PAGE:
The Tomb of the Unknowns, located in the Arlington National Cemetery contains the remains of unidentified soldiers from several of the United States’ direst military conflicts, and serves to memorialize all American soldiers who have not been identified in death. The marble sarcophagus of the tomb, based on a design by architect Lorimer Rich, was erected in 1921, following the consecration of similar monuments in France and Great Britain to the memory of World War I’s unidentified fallen soldiers. On Armistice Day that year, the first soldier, who had given his life in World War I, was interred in the tomb. At present, the tomb also contains the remains of soldiers who gave their lives in World War II and the Korean War. First Lieutenant Michael Blassie, who gave his life in the Vietnam War, was identified and exhumed in 1998. The monument is one of our nation’s most visited, boasting an estimated 4 million visitors annually.
In the late 1980’s, it became clear that the monument was rapidly eroding. Studies performed in 1999 show several cracks, the most severe of which measured 28.4 feet long, with an average width of 2.52 millimeters. The crack extended partially through the block of marble, and would eventually run clear though, causing a total collapse within 20 years.
Direct Dimensions Gets Involved
As part of the conservation effort Arlington National Cemetery tapped Direct Dimensions to scan the tomb in late 2004. On November 30, scanning commenced, using the Konica Minolta and our FARO Arm with a Perceptron laser. The scan was completed by engineer John Kelbel and industrial designers Jeff Mechlinski and Glenn Woodburn over two days, using the FARO Arm’s Perceptron laser scanner to capture highly-detailed data from the tomb’s intricate relief panels. This data can be used to exactly replicate the tomb at any scale, from a miniature to a full-sized reproduction. Below, sculptor John B. Andelin creates a small-scale model using the data captured from the scan.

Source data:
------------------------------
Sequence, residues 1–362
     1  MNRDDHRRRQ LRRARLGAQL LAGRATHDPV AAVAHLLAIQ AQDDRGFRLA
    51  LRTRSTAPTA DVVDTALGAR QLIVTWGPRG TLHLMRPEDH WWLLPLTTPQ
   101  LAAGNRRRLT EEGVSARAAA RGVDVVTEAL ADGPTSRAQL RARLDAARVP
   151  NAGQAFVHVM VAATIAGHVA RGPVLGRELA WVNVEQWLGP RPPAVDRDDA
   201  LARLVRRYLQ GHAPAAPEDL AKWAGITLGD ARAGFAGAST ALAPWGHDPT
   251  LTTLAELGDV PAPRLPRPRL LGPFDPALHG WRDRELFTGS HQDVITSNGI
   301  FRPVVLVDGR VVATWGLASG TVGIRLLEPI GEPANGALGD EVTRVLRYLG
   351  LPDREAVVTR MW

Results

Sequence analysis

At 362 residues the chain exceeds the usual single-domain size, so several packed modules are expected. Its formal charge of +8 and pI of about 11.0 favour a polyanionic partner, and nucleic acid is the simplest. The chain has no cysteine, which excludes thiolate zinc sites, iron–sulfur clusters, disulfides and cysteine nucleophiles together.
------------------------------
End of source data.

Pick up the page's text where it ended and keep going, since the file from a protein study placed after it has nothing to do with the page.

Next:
Click to download the official DDI Tomb Press Release.
Tuesday, March 27, 2007
Posted by Christina Allen Page at 1:00 PM
Wednesday, March 14, 2007
Renowned cartoonist Kevin “Kal” Kallaugher came to Direct Dimensions with a caricature sculpture of George W. Bush’s head. His intention was to make a virtual, interactive puppet. Here at Direct Dimensions, we laser scanned and delivered a perfect 3D digital model of Bush to Kal so that his team at the University of Maryland Baltimore County (UMBC) could move into the next phase: animation.
With the help of UMBC’s Imaging Research Center, Kal was able to use the data provided by Direct Dimensions to create a system that makes the virtual Bush head move with the assistance of two human-controlled joysticks. The Walters Art Museum in
Product Focus: The Kreon Zephyr
The Kreon Zephyr scanner is ideal for scanning very small objects. It can be used as a digitizer on a laser scanner and features an accuracy range of 0.001”. Direct Dimensions uses this scanner in a wide range of projects, including the Virtual George Bush project, and highly-detailed work, like miniatures and engine blocks.
Training classes are available for this product, either in our offices, or yours. For further product and purchasing information, please download our Product + Service Catalog, or call 410-998-0880. Ask for Charlie Matlin for training class schedules and purchase details.